Book Image

Unity Game Optimization - Third Edition

By : Dr. Davide Aversa, Chris Dickinson
Book Image

Unity Game Optimization - Third Edition

By: Dr. Davide Aversa, Chris Dickinson

Overview of this book

Unity engine comes with a great set of features to help you build high-performance games. This Unity book is your guide to optimizing various aspects of your game development, from game characters and scripts, right through to animations. You’ll explore techniques for writing better game scripts and learn how to optimize a game using Unity technologies such as ECS and the Burst compiler. The book will also help you manage third-party tooling used with the Unity ecosystem. You’ll also focus on the problems in the performance of large games and virtual reality (VR) projects in Unity, gaining insights into detecting performance issues and performing root cause analysis. As you progress, you’ll discover best practices for your Unity C# script code and get to grips with usage patterns. Later, you’ll be able to optimize audio resources and texture files, along with effectively storing and using resource files. You’ll then delve into the Rendering Pipeline and learn how to identify performance problems in the pipeline. In addition to this, you’ll learn how to optimize the memory and processing unit of Unity. Finally, you’ll cover tips and tricks used by Unity professionals to improve the project workflow. By the end of this book, you’ll have developed the skills you need to build interactive games using Unity and its components.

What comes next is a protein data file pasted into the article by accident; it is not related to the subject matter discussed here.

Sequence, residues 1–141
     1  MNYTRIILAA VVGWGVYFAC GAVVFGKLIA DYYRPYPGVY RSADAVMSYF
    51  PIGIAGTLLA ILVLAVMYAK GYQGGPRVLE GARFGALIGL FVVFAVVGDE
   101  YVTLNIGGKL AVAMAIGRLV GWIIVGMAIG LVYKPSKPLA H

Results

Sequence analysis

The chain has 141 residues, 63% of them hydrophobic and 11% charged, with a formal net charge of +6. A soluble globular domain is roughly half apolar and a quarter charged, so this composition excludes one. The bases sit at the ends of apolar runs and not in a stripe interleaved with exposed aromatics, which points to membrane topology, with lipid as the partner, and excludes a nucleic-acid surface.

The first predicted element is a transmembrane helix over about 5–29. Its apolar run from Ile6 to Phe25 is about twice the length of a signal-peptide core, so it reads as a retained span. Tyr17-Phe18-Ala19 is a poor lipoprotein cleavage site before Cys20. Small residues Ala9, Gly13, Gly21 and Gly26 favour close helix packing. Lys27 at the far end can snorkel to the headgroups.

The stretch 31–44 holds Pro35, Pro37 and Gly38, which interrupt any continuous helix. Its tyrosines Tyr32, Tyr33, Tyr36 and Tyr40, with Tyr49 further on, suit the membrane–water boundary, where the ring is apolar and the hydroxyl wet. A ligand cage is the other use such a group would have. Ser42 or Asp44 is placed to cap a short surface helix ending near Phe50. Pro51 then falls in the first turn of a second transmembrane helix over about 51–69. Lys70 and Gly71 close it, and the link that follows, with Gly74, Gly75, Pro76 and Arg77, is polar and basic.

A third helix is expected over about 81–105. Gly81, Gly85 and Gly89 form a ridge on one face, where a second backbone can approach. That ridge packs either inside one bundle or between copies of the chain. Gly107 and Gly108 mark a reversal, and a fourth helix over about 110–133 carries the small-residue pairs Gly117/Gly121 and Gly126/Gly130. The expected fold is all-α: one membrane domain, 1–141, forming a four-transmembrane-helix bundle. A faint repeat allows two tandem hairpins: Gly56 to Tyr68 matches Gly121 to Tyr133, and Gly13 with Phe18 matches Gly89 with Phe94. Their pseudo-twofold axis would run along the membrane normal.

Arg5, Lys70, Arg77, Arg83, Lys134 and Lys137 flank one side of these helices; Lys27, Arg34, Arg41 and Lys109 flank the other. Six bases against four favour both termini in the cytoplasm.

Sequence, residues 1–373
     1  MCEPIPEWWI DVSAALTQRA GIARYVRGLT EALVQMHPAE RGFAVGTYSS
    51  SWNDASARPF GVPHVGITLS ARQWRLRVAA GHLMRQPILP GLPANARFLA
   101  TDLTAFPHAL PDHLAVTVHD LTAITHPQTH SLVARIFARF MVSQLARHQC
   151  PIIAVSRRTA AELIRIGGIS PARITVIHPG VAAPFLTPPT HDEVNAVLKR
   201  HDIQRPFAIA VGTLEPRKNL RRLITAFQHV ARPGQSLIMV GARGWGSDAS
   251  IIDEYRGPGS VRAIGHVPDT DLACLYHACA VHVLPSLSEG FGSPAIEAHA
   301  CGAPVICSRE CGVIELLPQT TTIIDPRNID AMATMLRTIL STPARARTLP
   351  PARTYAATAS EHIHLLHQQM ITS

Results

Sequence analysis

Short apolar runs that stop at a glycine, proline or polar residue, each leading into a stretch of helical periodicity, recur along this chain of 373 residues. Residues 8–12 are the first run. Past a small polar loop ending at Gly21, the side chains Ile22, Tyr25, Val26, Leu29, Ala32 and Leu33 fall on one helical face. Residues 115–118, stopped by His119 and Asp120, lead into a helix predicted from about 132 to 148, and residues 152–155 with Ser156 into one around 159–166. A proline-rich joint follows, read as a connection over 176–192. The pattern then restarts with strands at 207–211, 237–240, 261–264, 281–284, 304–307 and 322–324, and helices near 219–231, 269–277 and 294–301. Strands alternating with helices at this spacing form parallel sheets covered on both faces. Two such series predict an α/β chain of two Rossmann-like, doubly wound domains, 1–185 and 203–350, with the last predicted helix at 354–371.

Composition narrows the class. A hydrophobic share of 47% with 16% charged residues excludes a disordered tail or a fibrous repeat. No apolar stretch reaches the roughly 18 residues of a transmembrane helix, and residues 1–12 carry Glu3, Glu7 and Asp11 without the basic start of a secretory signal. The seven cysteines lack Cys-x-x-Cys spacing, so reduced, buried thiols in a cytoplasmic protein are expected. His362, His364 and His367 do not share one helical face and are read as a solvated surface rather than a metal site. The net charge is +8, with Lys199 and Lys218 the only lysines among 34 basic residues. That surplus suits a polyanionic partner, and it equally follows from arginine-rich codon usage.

Table of Contents (15 chapters)
Free Chapter
Section 1: Base Scripting Optimization
Section 2: Graphical Optimizations
Section 3: Advance Optimizations

Using appropriate data structures

C# offers many different data structures in the System.Collections namespace and we shouldn't become too accustomed to using the same ones over and over again. A common performance problem in software development is making use of an inappropriate data structure for the problem we're trying to solve simply because it's convenient. The two most commonly used are perhaps lists (List<T>) and dictionaries (Dictionary<K,V>).

If we want to iterate through a set of objects, then a list is preferred, since it is effectively a dynamic array where the objects and/or references reside next to one another in memory, and therefore iteration causes minimal cache misses. Dictionaries are best used if two objects are associated with one another and we wish to acquire, insert, or remove these associations quickly. For example, we might...